Videos and memes of an inundated Bengaluru have been flooding social media over the past few days, with residents wondering whether it’s time to upgrade their humble Duckback raincoats to a trusty life jacket once and for all. While these might have helped some with a momentous giggle, they certainly expose the grave problem that has harassed Silicon City year after year without respite.
A severe lack of rainy-day contingencies
Bengaluru has been developing at breakneck speed over the past decade, which has led to unprecedented and carefree infrastructure construction all over the city, with many illegal activities slipping in through the cracks. Everyone knows of the development-frenzy culprit, however, few know of the extent to which it has affected the metropolitan city.
Over the past few decades, almost half of our lakes have disappeared due to reclamation by the state for real estate, while as many as three-fourths of the total lakes in the overall district have been terrorised by illegal encroachments.
This is a massive problem because these wetlands act as important catchment areas for incoming rainfall. All precipitation intercepted by the city is designed to flow into lakes via stormwater drains and other drainage infrastructure, which should then percolate back into the Earth, replenishing our groundwater.
This is where one of the main problems lies. Bengaluru has clogged many of these arterial systems via sewage dumping, construction and demolition dumping and other infrastructure encroachment over many stormwater drains. This forces any water that these drains may intercept to just stand still and flow back into the streets and into people’s houses and basements.
Notwithstanding the city’s high BP condition arising from it encountering one of the highest amounts of rain ever recorded, its drainage network system has been extremely neglected and has not developed nearly enough to keep up with the city’s concrete jungle. Further, the concretification of so much of the urban landscape simply does not allow any water to flow back into the Earth.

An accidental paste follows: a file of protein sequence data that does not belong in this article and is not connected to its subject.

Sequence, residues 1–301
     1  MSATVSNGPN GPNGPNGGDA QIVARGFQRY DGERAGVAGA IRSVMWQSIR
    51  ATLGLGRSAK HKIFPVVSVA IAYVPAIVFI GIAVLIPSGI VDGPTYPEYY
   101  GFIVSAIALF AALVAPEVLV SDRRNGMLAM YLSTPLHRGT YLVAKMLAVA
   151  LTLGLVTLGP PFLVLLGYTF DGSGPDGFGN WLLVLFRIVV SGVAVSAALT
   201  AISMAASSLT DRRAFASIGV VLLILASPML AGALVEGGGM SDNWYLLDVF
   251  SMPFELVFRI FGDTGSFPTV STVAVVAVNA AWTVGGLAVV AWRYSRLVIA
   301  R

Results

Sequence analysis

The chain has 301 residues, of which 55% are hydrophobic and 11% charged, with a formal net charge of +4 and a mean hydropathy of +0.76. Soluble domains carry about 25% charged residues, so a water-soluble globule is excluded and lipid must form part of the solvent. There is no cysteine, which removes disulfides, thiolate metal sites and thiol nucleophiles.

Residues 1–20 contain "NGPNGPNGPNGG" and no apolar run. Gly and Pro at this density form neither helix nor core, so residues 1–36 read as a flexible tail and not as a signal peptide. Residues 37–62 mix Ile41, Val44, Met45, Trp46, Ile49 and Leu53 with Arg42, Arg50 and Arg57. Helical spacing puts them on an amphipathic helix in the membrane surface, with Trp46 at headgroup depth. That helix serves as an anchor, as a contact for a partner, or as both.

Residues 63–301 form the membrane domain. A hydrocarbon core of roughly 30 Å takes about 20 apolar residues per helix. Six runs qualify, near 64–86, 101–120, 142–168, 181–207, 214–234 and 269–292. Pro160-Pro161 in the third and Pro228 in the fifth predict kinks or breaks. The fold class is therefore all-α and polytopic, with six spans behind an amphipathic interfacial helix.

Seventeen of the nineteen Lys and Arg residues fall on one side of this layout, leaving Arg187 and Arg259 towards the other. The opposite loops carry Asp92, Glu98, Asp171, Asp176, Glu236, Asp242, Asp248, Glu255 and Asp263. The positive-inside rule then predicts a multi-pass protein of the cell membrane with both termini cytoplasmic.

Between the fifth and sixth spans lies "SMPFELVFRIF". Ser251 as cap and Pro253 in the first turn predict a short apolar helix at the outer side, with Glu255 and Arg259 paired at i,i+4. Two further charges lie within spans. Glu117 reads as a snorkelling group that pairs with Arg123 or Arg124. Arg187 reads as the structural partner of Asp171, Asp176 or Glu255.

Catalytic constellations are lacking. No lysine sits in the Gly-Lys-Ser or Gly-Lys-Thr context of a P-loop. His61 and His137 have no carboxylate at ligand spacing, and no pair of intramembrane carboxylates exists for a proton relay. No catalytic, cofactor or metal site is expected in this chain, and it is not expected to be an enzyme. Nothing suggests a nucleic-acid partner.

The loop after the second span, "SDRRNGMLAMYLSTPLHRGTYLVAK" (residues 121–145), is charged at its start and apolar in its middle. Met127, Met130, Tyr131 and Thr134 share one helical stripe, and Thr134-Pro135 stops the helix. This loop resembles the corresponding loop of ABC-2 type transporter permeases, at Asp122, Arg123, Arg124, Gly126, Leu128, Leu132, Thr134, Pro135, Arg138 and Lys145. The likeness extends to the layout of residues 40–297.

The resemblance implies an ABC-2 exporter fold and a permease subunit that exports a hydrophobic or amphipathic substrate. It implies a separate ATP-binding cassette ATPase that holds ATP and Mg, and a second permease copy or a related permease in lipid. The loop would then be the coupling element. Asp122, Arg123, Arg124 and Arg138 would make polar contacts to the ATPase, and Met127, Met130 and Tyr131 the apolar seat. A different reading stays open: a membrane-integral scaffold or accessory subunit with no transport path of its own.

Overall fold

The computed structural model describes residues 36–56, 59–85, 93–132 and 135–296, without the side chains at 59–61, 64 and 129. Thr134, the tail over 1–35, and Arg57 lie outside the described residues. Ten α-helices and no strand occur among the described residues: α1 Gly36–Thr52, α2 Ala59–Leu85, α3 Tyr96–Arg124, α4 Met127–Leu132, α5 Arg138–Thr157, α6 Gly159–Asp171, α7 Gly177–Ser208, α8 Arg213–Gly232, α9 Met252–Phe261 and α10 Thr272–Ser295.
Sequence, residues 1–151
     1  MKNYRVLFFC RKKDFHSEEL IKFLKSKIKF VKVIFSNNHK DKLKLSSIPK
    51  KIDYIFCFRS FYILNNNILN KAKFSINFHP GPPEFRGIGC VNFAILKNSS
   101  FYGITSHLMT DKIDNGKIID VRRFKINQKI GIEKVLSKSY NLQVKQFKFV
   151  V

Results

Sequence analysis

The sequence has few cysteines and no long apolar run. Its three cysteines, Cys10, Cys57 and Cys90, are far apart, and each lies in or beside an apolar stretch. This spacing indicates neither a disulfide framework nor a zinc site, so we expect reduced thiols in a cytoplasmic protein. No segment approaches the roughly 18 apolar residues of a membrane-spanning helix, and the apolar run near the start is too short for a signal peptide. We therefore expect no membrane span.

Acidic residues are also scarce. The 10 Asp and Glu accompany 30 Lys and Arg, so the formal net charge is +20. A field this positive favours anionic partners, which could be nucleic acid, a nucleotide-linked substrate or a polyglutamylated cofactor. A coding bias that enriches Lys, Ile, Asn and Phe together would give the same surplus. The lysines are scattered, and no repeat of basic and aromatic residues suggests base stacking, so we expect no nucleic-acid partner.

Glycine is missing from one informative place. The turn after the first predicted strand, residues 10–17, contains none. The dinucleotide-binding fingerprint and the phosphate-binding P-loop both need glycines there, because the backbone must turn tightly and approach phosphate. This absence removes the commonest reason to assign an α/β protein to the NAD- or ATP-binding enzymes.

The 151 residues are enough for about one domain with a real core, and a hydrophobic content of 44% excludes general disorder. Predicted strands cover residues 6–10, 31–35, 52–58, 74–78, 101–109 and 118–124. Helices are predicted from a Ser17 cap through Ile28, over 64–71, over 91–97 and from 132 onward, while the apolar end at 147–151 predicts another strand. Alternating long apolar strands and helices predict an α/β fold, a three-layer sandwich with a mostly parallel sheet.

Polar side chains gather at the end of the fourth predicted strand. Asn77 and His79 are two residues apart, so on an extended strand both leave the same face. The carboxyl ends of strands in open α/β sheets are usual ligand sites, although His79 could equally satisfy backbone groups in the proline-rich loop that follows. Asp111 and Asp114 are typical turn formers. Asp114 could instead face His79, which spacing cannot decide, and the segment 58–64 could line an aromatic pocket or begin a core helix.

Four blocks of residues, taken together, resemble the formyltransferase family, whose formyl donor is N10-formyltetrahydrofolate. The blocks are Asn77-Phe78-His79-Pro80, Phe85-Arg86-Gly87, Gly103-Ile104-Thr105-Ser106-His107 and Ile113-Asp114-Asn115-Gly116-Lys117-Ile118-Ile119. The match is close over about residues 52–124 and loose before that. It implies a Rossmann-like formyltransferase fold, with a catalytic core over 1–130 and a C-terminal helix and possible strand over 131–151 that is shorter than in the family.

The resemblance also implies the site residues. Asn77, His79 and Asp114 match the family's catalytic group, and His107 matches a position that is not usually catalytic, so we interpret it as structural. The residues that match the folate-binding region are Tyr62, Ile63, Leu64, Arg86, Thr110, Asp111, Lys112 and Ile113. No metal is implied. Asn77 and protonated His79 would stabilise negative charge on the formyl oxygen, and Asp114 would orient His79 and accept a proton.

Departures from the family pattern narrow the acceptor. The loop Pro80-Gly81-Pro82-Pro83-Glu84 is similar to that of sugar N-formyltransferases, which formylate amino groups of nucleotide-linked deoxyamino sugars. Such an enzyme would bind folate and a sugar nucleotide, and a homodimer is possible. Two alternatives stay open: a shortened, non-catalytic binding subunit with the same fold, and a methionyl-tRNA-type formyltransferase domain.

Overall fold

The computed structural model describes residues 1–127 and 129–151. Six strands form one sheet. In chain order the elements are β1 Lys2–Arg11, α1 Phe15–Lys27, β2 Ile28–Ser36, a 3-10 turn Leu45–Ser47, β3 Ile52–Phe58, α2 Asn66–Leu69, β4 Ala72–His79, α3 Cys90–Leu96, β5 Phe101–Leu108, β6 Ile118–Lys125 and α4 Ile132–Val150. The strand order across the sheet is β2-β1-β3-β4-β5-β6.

So, what can we do to prevent further flooding?
Firstly, we can start planning in a more sustainable manner. Till now, development has been extremely economic-centric, which neglects the city’s natural hydrological functions. Officials have announced operable sluice gates for Bengaluru’s lakes, which will certainly help in regulating the amount of water that gets stuck within the city, allowing it to better prepare for torrential weather — but it is but a humble start.
In order to ensure flooding does not repeat year after year, we need to undo the years of waste dumping that have narrowed the city’s drains, and even completely blocked them in many areas. This narrowing reduces the amount of water dispersed from the roads and makes it run at faster speeds (imagine pressing the tip of a pipe when washing your car), which can speed up damage to the infrastructure.
This declogging will ensure smooth runoff within the city and improve connectivity between all the lakes so that rain and sewage water moves into the end rivers as quickly as possible. Meanwhile, the city must purchase protected land and establish a solid drainage arterial network throughout the city, especially in areas like the Outer Ring Road that face the threat of repeated flooding.
Some experts even suggest forgoing the concrete drains for natural ones inlaid with appropriate vegetation to hold them in place. These plants will even allow some water to percolate through and recharge groundwater reserves while the rest flows through. Certain types of vegetation can even help treat the water through a process called bioremediation.
Further, development within the city needs a huge overhaul that disperses development instead of concentrating it within certain central areas. Wetlands, parks and other pervious vegetative areas that allow vertical water flow also need to be protected and maintained.
Finally, citizens should also do their part by investing in appropriate rainwater harvesting systems. Bengaluru’s building code already specifies that 60 litres of rainwater storage must be provided for every square metre of roof cover. By abiding by these rules, residents can easily generate vast amounts of water that can be repurposed for washing, watering plants and many other water-intensive tasks, as well as reduce the load on the city’s drainage systems.
With climate change intensifying weather systems all around the world, it is unlikely that this bout of extremely heavy rains was just a freak occurrence. Therefore, it is imperative that we do our part, and pressurise our civic bodies to do the right thing. After all, we can’t all replace our cars with boats now, can we?
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